Chinese helmer Xu Lei will return to the subject of rural life in northern China for his second feature “The Peacemaker,” one of the 20 narrative film projects selected to participate in the Hong Kong-Asia Film Financing Forum this year.
Xu’s suspenseful and darkly humorous first film “Summer Detective,” which he wrote and directed, was nominated for best feature and won the prize for best script at the 2019 FIRST International Film Festival, which focuses on emerging talent. The Beijing Culture-backed title grossed $1.45 million (RMB9.44 million) in theaters.
In this next feature, he returns to the region around his hometown in Hengshui, Heibei province to explore the phenomenon of village residents who take it upon themselves to become “peacemakers,” of sorts — unofficial deputies for the resolution of local disputes outside the formal legal system.
“Although I come from the countryside, I’ve realized that I really have no understanding of the place, and neither do city people, or even the rural people who actually live there, who don’t reflect on how things work and just live according to habit,” he said. “There are a lot of misunderstandings about what life is like there, so I want to depict relationships and social structures unique to China that I haven’t seen expressed in film before.”
Xu first became interested in the subject of these informal “peacemakers” before he’d even shot “Summer Detective,” and has been researching and writing his script ever since. The inspiration first stemmed from a fellow he’d met who was ostensibly a factory owner, yet spent all of his time running around dealing with the disputes brought to him by other locals, such as determining fair compensation for traffic accidents or even deaths.
He and other “peacemakers” receive no salary or other tangible benefits for their troubles, and sometimes even end up paying out of pocket to resolve particularly intractable cases.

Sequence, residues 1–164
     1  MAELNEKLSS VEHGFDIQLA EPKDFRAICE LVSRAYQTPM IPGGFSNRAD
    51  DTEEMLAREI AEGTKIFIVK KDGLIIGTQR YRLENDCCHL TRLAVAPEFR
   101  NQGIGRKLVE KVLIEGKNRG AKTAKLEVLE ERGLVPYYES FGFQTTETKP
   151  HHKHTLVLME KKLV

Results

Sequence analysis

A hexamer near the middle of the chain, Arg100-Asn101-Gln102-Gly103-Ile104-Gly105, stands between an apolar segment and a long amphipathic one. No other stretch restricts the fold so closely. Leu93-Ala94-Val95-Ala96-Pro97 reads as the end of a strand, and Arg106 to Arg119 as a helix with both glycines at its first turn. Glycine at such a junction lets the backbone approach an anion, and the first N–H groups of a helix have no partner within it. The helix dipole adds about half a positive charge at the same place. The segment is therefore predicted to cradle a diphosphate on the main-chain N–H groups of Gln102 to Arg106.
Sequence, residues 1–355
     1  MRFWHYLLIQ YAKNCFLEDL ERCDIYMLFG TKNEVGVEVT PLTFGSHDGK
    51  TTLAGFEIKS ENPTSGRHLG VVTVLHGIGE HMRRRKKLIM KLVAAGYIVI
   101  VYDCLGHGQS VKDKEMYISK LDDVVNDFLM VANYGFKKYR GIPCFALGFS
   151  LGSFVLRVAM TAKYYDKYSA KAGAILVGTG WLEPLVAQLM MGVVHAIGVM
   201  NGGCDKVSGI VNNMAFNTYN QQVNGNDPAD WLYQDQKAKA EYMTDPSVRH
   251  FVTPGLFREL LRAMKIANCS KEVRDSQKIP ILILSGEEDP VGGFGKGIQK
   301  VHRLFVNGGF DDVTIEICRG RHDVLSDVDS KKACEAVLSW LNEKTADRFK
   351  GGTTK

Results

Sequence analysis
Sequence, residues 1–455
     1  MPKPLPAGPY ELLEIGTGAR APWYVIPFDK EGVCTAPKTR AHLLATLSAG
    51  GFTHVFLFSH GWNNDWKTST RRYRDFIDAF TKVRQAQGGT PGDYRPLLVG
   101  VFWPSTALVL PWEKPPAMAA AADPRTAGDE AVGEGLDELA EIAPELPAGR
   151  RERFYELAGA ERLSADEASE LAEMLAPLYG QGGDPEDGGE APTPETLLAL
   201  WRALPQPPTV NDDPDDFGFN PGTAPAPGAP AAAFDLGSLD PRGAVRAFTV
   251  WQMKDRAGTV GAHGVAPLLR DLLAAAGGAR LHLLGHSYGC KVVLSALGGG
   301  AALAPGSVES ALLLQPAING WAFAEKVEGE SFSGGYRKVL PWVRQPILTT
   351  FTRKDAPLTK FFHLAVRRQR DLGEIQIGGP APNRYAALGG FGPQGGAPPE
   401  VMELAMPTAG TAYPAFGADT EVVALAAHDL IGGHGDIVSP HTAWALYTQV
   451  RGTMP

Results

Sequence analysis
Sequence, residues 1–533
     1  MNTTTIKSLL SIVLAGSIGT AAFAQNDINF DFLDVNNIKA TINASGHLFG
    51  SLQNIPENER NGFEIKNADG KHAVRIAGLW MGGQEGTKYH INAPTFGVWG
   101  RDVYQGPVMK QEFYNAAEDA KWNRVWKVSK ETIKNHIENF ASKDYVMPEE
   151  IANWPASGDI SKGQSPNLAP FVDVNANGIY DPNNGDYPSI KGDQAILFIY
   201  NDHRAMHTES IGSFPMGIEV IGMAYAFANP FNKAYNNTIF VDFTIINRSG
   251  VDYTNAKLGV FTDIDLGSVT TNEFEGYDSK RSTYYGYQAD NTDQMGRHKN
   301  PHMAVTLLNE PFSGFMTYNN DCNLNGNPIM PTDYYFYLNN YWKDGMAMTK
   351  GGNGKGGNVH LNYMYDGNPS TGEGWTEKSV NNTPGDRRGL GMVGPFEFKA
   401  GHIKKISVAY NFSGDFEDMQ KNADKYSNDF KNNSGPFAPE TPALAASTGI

“Why anyone would take on this sort of work bewildered me; I wanted to understand their motivations, and why people would seek out their services instead of using the legal system to resolve their disputes,” said Xu. This led to years of interviewing such characters and reading sociology books about the phenomenon, during which he drew particular inspiration from the pioneering Chinese sociologist Fei Xiaotong and his 1947 work “From the Soil,” in which he examines the root of Chinese morality through observations of rural life and contrasts it with the West.
“I’m following his line of thought to look at Chinese rural life 80 years later, so I think this film is almost more like a report of my field research findings,” said Xu.
The new film is inspired by a real case the factory owner “peacemaker” took on, in which he was called upon to resolve a murder threat that the police were unable to track or deal with before the suspect had committed his crime. It seeks to illustrate “the awkward transition from a society of rituals to one governed by rule of law.” Authorities have in recently years strongly championed the importance of China becoming a country governed by rule of law.
Established director-producer Ning Hao and his Dirty Monkey Productions are producing the approximately $6.3 million-budgeted title, which has already secured $3.1 million in financing. Currently at script stage, it hopes to start shooting in the second half of the year.